Braun: Offseason thumb surgery ‘made a huge difference’
MILWAUKEE — Nearly two months removed from cryotherapy procedure on his right thumb, Milwaukee Brewers right fielder Ryan Braun says he is pain free for the first time in two years.
Speaking to a group of reporters after volunteering at the club’s annual Thanksgiving food drive, Braun said the procedure was a success, but he knows the true test won’t come until he begins the grind of the season.
"It feels great. I feel really good," Braun said Wednesday. "I’m excited and encouraged by how it feels, but at the same time I have to be cautiously optimistic until I get into spring training and start playing every day to see how it responds. But it hasn’t felt this good in a really long time.
"It definitely worked. It made a huge difference."
Braun underwent the cryotherapy procedure Oct. 2 in Los Angeles with hopes the process of inserting a needle at the base of the right thumb to freeze a damaged nerve would eliminate the thumb injury that has bothered him for the better part of two years.
"My hope is that it gets back to 100 percent," Braun said. "Right now I don’t feel anything. I haven’t been able to say that for two years. It would hurt shaking hands, writing, doing regular, every day activities. Now I don’t feel it at all. So I’m excited about that.
"There was some residual soreness after the procedure itself. It was a little sore for a few weeks, but overall it has felt really good. There was an immediate difference."
Braun swung a bat for the first time shortly after the procedure and the results were positive. He plans to prepare for spring training the same way he usually does, which means ramping up baseball activities in late December.
There’s not a plan in place for Braun to undergo another cryotherapy procedure, but he did say it is an option down the road if necessary. Because the surgery has rarely been done on athletes, there’s not much history to fall back on.
"I’m excited. But at the same time, I went into last year feeling really good in spring training," Braun said. "The first four or five weeks I felt great and played great, but then I kind of reinjured it. But last year we just rested. We didn’t do a procedure on it. I’m optimistic, but I think I have to be somewhat cautiously optimistic."
Braun hit .266 with 19 home runs and 81 RBI in 2014, all of which are career-lows outside of the season in which he was suspended for violating Major League Baseball’s Joint Drug Prevention and Treatment Program.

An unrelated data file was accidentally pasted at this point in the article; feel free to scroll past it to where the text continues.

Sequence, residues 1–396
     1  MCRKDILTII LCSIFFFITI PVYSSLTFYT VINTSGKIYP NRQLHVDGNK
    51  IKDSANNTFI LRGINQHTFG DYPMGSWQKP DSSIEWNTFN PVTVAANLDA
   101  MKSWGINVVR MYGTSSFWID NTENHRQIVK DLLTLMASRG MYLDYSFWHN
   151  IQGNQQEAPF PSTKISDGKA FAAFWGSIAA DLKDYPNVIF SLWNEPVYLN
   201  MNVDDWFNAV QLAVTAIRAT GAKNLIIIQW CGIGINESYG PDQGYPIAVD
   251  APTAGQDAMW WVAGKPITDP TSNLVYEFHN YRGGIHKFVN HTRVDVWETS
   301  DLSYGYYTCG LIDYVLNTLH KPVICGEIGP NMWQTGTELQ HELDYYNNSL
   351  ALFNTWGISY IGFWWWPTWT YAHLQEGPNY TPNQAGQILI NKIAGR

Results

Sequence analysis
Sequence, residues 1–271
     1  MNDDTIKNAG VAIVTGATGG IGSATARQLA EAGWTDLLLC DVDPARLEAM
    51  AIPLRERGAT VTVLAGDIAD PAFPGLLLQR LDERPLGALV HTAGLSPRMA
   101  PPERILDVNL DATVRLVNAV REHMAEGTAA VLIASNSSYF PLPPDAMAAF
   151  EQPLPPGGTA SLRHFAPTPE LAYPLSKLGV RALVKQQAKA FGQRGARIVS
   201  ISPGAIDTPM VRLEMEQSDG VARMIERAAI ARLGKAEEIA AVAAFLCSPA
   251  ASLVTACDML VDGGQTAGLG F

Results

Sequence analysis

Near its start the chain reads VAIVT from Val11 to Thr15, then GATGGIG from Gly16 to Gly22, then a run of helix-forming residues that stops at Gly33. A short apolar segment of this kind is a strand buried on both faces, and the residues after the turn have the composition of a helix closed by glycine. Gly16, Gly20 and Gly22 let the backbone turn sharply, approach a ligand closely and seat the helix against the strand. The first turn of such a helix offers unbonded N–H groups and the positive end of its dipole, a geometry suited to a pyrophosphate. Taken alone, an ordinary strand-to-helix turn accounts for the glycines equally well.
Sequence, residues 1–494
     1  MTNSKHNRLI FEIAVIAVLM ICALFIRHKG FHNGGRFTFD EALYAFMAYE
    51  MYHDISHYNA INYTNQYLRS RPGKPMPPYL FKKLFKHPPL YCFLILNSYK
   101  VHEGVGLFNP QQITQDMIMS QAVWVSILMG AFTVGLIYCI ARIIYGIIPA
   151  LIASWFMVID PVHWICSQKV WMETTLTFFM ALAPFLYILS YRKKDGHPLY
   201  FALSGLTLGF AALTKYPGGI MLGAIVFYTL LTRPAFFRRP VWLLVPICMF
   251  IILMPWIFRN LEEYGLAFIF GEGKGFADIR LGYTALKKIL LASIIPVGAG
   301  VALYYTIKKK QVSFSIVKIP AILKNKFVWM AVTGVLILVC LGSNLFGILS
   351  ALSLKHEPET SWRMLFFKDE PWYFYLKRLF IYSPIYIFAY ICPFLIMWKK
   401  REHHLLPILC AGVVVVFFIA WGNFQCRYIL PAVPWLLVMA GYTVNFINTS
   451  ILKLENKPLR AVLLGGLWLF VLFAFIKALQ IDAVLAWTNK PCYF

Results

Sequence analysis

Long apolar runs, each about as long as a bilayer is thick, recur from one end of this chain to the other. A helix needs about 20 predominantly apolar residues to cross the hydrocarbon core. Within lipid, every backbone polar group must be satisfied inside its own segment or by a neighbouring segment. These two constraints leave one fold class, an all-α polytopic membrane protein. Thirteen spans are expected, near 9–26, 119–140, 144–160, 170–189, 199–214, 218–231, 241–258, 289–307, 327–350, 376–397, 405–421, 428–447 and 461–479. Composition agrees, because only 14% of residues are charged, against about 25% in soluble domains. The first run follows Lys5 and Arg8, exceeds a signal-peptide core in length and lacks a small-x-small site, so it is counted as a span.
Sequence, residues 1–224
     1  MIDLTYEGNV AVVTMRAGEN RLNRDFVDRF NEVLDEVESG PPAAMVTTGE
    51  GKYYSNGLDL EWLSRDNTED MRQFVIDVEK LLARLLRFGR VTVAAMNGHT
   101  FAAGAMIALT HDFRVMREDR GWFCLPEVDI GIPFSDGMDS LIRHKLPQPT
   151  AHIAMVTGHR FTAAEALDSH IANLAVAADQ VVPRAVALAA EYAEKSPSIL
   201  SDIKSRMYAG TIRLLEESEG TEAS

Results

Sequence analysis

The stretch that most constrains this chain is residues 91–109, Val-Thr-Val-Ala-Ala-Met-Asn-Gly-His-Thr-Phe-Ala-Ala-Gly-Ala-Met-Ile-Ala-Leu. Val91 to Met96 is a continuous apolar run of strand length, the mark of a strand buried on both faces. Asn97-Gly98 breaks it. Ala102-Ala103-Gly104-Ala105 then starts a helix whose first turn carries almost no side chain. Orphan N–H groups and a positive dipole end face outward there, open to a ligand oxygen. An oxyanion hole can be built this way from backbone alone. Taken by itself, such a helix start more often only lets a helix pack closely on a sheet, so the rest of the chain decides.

The former National League MVP was batting .301 on July 26, but he hit just .209 with five home runs and 20 RBI in his last 53 games. Braun admitted the painful nature of the nerve issue in his thumb forced him to swing "one-handed" for the majority of the season.
Knowing how he now feels following the procedure, does Braun regret not doing something during the season?
"Hindsight is always 20-20," Braun said. "I think it is easy to say that now. There was a time when I definitely wanted to do it, but I understood why we decided not to. I’m just thankful I was able to do it after the season and that it feels a lot better now."
The Brewers certainly are hoping Braun will return to the player he was over the first six years of his career, as Milwaukee owes the 31-year-old $103 million over the next six seasons.
If the Brewers are to contend in a tough National League Central in 2015, Braun must be healthy and an impact bat in the middle of the lineup.
"We should be significantly better," Braun said. "I said it last year a few times, I really believe if I was anywhere near healthy, the season ends up differently. Hopefully, this thing continues to feel good like it does right now, and I can get back to being one of the best players in the league."
Braun also spoke on numerous other topics other than the health of his thumb, including the addition of first baseman Adam Lind in an otherwise quiet offseason thus far for the Brewers.
"It is early in the offseason," Braun said. "I think it takes time for any big moves to happen. But I think getting Adam Lind is huge for us. Adding a left-handed bat to the middle of our lineup should be something that should really benefit us.
"It has probably been one of our bigger issues the last few years is that we’ve been a predominately right-handed hitting lineup, and our division has a lot of good right-handed pitchers. I think adding a lefty to the middle of our lineup is a huge addition for us."
One of the numerous players who spoke up in support of Ron Roenicke following the team’s late-season collapse, Braun is pleased the Brewers decided to keep their skipper.
"Ron has been great," Braun said. "All of us really enjoy having him as our manager. He’s a great leader, great communicator. I don’t think our failure had anything to do with his managing. It had to do with us playing. A lot of times managers end up being a scapegoat, but it wasn’t his fault that we didn’t finish on a good note. I’m definitely happy to have him back."
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